As for MLB holding back with no good reason -- I'm not sure how correct a statement that is. You have two crazy entities - MLB and the DC City Council. I'm not sure that MLB holding back as a bargaining position is crazy. I don't think I would do it if I was MLB, but I'm not going to sit here and say they had no reason.

I'm not sure I agree with you either about the long-term damage -- meaning, how long term. Will these moves be felt in 2, 3, or 4 years? I'm not sure.

And finally, I just won't acknowledge the attack on me personally -- you don't know me, and you have no idea.

Dave

Chris Needham said...

I can't see us getting new owners before the ASB, at the earliest. It'd be interesting to see how they do divide those in-season things.

I hope the criticism you're seeing isn't discouraging you -- I suspect it's not! :) Contrasting opinions are important, and while you think there's a lot of groupthink, I think a closer reading (which isn't always possible, I know) shows that there's a wider diversity of opinion than you'd suspect.

One of the things you'd doing though, is making a generalization and ascribing it to Nats Blogs. Essentially, what you seem to be arguing against is the 'MLB Owes Me' attitude. You're right to point out where that is wrong, especially from a (MLB's side) business aspect. But it does seem like you're also taking it too far, as if we owe MLB something. It's that owner-based sense of entitlement which I'm (and presumably) others are objecting to. It's not that we disagree that business considerations are important. It's that we disagree that we should place 'the good of the business' on our radar for reasons to make our decisions.

Yuda said...

Dave, if you don't want to be personally attacked, I'd recommend not personally attacking your readers. Just sayin'.

Dave said...

Chris:

I'm not sure -- it's hard to say when we'll get the owners. You're likely right that the ASB is when we'll see it. I think we'll have the announcement sooner, actually, with transition around ASB. I don't think it will make much difference this actual calendar year in terms of the team we see on field -- I think baseball operations will be where the changes happen.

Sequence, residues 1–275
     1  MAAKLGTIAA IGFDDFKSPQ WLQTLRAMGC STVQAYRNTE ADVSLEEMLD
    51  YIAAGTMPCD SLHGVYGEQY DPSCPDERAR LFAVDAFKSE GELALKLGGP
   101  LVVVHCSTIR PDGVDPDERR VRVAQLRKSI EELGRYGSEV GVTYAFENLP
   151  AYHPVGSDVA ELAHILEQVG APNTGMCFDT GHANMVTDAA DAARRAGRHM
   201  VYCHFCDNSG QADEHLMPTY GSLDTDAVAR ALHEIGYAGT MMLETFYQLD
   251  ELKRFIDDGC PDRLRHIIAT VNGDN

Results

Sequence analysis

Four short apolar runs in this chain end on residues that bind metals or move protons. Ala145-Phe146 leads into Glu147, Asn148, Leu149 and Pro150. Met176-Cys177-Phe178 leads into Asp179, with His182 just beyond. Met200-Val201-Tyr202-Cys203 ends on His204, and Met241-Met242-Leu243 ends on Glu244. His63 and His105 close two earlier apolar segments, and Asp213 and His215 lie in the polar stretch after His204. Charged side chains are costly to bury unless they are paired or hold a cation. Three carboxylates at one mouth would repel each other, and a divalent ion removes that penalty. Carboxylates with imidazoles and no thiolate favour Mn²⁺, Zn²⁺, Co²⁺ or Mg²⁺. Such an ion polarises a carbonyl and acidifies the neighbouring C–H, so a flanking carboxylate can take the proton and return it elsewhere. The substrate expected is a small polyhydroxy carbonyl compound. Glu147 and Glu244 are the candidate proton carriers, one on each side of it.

No, the criticism isn't discouraging at all. *grin* There are lots of elements of 'fun intellectual excercise' in this.

You're absolutely right in that I'm making broad generalizations -- it makes more entertaining reading. And yes, of course I'm taking it too far. Reality is always in the middle. Particularly with online discussion like this, sometimes you want to make the statement a little bolder to make the point that there are other opinions out there.

Frankly, we don't owe MLB sh!t. There really is a base transaction -- if we want to see pro-baseball, we pay them money. It's not really more complicated than that. If they want us to buy tickets, they need to put something that we feel is entertaining. Notably, despite the chaos, they have sucked in a number of people in DC who are interested enough in just debating the details to be interested -- so from a business perspective, they ARE doing their part. You may not like it, but you're fascinated by it. "Are you entertained?" Apparently enough to watch.

Dave

Chris Needham said...

And yes, of course I'm taking it too far. Reality is always in the middle. Particularly with online discussion like this, sometimes you want to make the statement a little bolder to make the point that there are other opinions out there.